Canada is a welcoming country to immigrants. Despite the restrictions imposed by the COVID-19 pandemic, Canada has admitted over 340 thousand permanent residents and resettled over 30 thousand refugees, more than any country worldwide. The current population living in Canada is ageing. Therefore, immigrants play an essential role in population growth in Canada. The 2020 Annual Report to Parliament on Immigration found immigrants account for more than 80 percent of Canada’s population growth. Moreover, ￼￼Canada’s population growth will rely exclusively on immigration. Therefore, ensuring the success of newcomers is vital for the prosperity of our nation. The success of Canada is the success of immigrants.
To ensure economic and social integration, Canada has provided many tools and resources to help immigrants after arrival. For instance, Canada offers free English language courses to newcomers. Also, there are many settlement agencies to assist newcomers with accessing available language learning resources in the community. While these are necessary supports, they are not sufficient to ensure economic success for newcomers to Canada. Oneset of supports serves the needs of economic immigrants and refugees alike.
We know economic immigrants willingly decide to change their country for a better life in Canada, while refugees are forced to leave their countries unwillingly due to traumatic events. Such trauma has been shown to play an important role in the learning process. For example, how do previous mental health issues play a role in language learning and the settlement process? Additionally, what motivates newcomers to adapt successfully to a new culture or society?
In a 2018 study completed as part of my Masters degree, I found that although newcomer refugees reported more traumatic experiences, their motivation to adapt to the new Canadian culture was higher compared to immigrants. Moreover, despite popular belief, refugees had similar socio-economic status compared to Canadian-born participants. My doctoral work is a deeper exploration of the psychological, social, and academic factors at play regarding newcomers’ successful settlement in Canada.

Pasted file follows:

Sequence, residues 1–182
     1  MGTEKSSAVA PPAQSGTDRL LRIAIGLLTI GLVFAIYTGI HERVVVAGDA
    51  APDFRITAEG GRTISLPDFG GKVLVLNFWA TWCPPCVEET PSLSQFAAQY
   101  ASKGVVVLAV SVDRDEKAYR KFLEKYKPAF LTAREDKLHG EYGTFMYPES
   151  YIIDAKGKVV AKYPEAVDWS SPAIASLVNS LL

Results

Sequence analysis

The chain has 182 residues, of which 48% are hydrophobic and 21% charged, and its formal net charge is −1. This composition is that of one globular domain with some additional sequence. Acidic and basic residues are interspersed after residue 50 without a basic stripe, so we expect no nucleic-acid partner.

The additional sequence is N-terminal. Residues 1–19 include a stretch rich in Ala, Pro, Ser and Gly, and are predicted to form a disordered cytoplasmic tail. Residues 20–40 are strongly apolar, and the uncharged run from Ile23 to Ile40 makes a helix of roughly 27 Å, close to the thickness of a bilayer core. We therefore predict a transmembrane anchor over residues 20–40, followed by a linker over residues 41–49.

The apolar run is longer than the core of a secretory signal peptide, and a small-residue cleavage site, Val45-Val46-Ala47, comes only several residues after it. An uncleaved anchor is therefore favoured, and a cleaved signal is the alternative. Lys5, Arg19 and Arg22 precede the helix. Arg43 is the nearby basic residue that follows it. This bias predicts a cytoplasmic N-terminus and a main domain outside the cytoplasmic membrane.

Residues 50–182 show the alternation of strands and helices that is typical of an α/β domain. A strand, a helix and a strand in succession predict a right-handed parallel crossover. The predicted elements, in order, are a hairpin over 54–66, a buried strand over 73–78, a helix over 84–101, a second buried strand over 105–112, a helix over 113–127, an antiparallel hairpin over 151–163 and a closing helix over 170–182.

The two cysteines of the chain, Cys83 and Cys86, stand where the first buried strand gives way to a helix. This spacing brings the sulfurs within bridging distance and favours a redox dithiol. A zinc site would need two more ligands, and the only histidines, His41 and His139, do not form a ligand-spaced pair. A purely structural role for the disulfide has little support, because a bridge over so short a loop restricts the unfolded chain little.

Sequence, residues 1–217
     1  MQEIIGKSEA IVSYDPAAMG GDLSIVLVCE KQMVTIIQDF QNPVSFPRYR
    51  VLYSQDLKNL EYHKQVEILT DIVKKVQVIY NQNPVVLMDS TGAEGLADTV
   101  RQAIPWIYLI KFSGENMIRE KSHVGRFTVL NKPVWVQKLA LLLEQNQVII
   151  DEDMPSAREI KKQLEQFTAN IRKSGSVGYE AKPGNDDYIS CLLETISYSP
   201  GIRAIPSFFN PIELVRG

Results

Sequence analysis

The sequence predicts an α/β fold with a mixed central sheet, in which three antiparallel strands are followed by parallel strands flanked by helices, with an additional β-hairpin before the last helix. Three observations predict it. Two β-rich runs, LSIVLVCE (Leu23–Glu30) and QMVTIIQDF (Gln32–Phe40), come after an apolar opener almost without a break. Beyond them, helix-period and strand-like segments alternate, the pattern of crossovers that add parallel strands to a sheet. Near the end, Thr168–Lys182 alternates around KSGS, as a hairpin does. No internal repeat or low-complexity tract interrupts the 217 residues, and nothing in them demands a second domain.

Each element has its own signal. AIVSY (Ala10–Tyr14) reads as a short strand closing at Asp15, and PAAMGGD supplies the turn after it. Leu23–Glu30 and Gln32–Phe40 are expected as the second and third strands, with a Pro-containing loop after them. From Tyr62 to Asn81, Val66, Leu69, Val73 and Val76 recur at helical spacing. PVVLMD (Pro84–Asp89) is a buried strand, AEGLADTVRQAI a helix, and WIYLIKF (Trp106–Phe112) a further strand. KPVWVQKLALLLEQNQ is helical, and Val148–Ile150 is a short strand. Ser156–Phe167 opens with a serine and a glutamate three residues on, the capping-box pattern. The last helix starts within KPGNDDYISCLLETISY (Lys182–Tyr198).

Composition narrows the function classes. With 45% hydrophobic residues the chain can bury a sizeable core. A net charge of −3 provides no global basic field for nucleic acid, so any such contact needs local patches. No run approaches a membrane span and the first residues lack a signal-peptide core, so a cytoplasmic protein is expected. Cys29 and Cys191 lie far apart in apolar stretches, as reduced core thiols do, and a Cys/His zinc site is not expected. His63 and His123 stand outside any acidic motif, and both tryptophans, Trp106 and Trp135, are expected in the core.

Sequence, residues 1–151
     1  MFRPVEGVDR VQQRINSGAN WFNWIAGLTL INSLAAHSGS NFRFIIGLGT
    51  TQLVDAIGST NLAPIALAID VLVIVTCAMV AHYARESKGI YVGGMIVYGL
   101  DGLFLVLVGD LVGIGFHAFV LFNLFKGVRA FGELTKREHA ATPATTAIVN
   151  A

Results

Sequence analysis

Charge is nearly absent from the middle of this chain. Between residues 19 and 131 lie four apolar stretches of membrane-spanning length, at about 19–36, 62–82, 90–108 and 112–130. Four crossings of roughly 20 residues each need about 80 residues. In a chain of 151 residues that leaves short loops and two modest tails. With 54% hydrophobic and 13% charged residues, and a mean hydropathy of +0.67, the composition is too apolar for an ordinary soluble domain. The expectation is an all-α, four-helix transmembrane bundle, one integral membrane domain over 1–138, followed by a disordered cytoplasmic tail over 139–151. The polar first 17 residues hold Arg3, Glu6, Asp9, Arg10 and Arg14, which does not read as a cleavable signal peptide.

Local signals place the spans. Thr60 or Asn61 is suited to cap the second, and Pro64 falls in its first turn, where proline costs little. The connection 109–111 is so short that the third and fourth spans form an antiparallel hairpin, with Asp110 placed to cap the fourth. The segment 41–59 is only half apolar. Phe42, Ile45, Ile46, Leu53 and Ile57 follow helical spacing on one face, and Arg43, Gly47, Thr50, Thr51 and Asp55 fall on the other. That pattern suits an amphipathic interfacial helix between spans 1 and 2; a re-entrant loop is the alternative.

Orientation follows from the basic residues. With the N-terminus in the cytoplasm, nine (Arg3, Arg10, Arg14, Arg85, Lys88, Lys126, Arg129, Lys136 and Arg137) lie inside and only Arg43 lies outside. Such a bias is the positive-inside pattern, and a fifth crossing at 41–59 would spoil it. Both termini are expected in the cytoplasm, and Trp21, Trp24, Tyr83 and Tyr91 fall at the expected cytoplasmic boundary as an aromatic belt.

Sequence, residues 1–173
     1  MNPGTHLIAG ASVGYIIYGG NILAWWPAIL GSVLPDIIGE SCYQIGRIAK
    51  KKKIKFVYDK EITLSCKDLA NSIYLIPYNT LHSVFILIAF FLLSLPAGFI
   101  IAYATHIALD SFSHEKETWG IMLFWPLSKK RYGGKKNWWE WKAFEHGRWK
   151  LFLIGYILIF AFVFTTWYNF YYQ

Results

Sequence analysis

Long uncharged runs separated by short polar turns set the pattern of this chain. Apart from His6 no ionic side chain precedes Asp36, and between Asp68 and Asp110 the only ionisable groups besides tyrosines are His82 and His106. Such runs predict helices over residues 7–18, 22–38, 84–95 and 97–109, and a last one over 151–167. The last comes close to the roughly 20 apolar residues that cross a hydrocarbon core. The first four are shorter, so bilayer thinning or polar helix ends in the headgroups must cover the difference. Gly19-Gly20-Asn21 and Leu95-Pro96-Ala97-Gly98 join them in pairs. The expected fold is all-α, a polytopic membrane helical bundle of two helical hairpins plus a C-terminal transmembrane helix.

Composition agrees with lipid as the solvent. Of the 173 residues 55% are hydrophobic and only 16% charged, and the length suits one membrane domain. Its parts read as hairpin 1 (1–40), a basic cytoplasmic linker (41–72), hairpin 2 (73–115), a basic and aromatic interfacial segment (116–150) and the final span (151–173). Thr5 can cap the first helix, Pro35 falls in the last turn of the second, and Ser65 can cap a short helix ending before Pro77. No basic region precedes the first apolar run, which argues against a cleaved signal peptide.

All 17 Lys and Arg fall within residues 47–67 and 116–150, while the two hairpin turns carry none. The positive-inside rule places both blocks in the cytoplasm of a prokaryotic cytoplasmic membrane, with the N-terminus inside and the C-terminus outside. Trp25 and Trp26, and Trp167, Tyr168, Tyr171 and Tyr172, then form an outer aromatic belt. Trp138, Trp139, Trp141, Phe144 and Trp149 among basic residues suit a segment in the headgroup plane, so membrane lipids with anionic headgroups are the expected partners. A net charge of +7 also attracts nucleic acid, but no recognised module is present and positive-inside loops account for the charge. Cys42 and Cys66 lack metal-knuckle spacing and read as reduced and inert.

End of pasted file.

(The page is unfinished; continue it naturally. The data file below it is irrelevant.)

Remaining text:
My study explores factors related to language learning that influences newcomers’ success:
Although previous studies have examined the issues mentioned above, only a limited number of studies have been conducted on the Canadian population. The answers to these questions will help Canadian academic institutions, policymakers and community support service providers find better ways to assist newcomer refugees and economic immigrants to achieve social integration and economic success.
Ali Jasemi is pursuing a Ph.D. in Developmental Psychology at Wilfrid Laurier University at the Language & Literacy lab under Dr. Alexandra Gottardo’s supervision. Ali has pursued his master’s degree in the same field, researching second language acquisition and acculturation. Ali is also affiliated with the Centre for Leading Research in Education (CLRiE) and Bilingualism Matters@Laurier Initiative.
Since 2012, Ali has also been involved in immigrant and refugee advocacy groups such as Canadian Council for Refugees (CCR), COSTI immigration services and YMCA. Speaking four languages, Ali has assisted many newcomer immigrants and refugees with their resettlement process with varying responsibilities.
In addition to his studies, Ali also provides mental health rehabilitation support to individuals with traumatic brain injuries.
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